Last updated: April 23. 2014 2:26PM - 1478 Views
By Jon O'Connell joconnell@civitasmedia.com

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EXETER —It began with harmony.
Four members of the Wyoming Area Guitar Ensemble prefaced Tuesday night's regular school board meeting playing selections from their repertoire — an example of their hard work for the school district's education board that roused a standing ovation.
The meeting followed suit at first.
But the discussion turned to discord when it came to light that the Wyoming Area Education Association, the teachers union, would be bringing the same contract recommended by a neutral arbiter and rejected by the School Board earlier this month to the negotiating table.
The union and the school board are to meet to negotiate again May 8.
The teachers union has been working on terms of an expired contract since 2010, with a handful of items, including salary step increases, health care options and length of contract (six years vs. the district's proposed five years) the main sources of dissonance.
The arbiter, Ralph Colflesh of the American Arbitration Association, ruled April 8 that the board should accept the union contract, though in his report, he said neither contract is desirable; however, Colflesh said the union contract is the lesser of two evils.
Either side has the ability to reject the arbiter's recommendation.
Teachers union President MelissaDolman addressed the board for the first time since last week's special meeting, after which she and about 100 teachers left the auditorium announcing the union was to strike for one day because the board had just unanimously rejected the arbiter's recommendation.
Dolman on Tuesday said U.S. New and World Report had just announced the year's top public schools. Wyoming Area High School ranks 56th out of 598 Pennsylvania public schools; that's a five-position improvement from last year.
“It shows what our teachers are doing,” Dolman said. “We must have given more for us to do better.”
But Dolman said teachers under the old system, after eight years in the district, earn less than what is considered average for a middle-class family.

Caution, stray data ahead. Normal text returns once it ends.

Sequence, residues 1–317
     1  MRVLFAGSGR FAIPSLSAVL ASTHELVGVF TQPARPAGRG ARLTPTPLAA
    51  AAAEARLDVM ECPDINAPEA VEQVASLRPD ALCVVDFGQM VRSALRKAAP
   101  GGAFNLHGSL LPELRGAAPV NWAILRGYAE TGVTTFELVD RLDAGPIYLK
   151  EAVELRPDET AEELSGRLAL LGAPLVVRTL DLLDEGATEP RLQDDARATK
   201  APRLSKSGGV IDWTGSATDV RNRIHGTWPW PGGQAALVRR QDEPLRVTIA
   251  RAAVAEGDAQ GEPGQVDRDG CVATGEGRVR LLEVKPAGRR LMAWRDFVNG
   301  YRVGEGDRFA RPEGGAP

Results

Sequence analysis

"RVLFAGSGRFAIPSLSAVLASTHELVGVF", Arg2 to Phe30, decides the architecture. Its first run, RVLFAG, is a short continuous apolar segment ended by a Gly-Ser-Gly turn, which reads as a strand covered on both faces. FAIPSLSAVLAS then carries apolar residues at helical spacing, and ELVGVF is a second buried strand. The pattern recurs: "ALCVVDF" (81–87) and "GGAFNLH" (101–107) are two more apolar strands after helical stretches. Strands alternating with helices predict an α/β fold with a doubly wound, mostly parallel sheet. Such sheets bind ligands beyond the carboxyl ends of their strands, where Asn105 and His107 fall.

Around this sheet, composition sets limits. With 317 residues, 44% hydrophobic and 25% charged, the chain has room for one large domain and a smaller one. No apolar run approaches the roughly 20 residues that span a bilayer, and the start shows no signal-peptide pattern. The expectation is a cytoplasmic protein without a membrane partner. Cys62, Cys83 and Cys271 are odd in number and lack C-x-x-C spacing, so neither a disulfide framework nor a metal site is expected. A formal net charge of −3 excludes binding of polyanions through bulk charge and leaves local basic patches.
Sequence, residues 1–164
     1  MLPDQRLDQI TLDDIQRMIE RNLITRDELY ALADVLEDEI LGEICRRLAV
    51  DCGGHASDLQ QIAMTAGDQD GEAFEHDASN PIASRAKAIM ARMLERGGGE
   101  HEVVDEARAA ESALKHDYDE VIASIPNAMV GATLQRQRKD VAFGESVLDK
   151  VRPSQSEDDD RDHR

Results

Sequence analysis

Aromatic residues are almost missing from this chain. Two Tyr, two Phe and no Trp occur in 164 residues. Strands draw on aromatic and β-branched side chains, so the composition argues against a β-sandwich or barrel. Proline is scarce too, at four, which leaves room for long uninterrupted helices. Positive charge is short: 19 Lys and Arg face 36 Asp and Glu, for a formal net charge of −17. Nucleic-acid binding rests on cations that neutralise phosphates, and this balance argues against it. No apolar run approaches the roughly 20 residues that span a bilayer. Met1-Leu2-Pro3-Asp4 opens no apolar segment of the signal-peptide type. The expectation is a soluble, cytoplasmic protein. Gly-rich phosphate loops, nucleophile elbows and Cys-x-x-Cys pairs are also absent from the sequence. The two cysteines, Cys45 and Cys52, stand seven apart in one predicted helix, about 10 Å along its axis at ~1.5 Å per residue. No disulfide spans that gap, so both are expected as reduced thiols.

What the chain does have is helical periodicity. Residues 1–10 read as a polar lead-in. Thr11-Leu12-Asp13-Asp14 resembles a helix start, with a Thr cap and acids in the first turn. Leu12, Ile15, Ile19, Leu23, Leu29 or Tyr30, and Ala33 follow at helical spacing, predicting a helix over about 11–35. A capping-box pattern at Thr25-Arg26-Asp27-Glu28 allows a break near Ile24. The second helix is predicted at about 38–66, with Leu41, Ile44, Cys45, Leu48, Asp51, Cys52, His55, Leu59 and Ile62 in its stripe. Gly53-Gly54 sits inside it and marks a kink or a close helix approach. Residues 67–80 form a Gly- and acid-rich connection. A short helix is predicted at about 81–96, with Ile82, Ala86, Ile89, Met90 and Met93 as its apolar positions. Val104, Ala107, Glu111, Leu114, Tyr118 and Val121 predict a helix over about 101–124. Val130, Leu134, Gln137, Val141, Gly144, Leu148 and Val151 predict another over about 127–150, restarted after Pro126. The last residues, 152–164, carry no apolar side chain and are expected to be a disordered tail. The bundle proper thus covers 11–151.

“You have our livelihoods in your hands, basically,” Dolman said.
School Board President Estelle Campenni told roughly 80 people in the room that the board wants to give the teachers their due.
“None of us is questioning the competency of our teachers,” Campenni said, but she explained the board's responsibility is to everyone who lives in the district.
“We don't just represent the nine people sitting on this board. We represent all the taxpayers in the school district,” Campenni said.
The School Board has maintained for the last four years that the union contract demands will send the district's general fund into a deficit.
Although the arbiter recommended the union contract, it is still untenable, the district's business consultant, Tom Melone, said during the meeting.
“It's very easy to choose A, B or C, but he didn't give me any solution on how to make it work,” Melone said.
But the union has taken great strides to make concessions on its version of the contract, and the members do not want to disregard the adjustments it has already made, Dolman said.
“It's been offered over and over … and I feel like we've already gone down to bare bones,” Dolman said. “It's difficult to wash that away.”

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